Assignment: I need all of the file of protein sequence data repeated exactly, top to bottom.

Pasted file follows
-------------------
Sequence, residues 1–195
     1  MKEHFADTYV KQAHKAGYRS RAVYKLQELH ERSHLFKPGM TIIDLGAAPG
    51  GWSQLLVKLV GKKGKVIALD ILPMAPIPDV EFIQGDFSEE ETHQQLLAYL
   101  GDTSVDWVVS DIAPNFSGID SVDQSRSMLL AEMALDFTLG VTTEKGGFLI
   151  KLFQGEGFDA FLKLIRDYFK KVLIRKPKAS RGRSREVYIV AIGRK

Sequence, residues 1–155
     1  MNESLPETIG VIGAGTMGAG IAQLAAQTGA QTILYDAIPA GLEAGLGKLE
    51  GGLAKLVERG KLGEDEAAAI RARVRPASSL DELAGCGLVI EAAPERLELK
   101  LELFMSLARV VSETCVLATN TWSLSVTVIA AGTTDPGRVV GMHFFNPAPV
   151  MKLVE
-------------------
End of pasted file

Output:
Sequence, residues 1–195
     1  MKEHFADTYV KQAHKAGYRS RAVYKLQELH ERSHLFKPGM TIIDLGAAPG
    51  GWSQLLVKLV GKKGKVIALD ILPMAPIPDV EFIQGDFSEE ETHQQLLAYL
   101  GDTSVDWVVS DIAPNFSGID SVDQSRSMLL AEMALDFTLG VTTEKGGFLI
   151  KLFQGEGFDA FLKLIRDYFK KVLIRKPKAS RGRSREVYIV AIGRK

Sequence, residues 1–155
     1  MNESLPETIG VIGAGTMGAG IAQLAAQTGA QTILYDAIPA GLEAGLGKLE
    51  GGLAKLVERG KLGEDEAAAI RARVRPASSL DELAGCGLVI EAAPERLELK
   101  LELFMSLARV VSETCVLATN TWSLSVTVIA AGTTDPGRVV GMHFFNPAPV
   151  MKLVE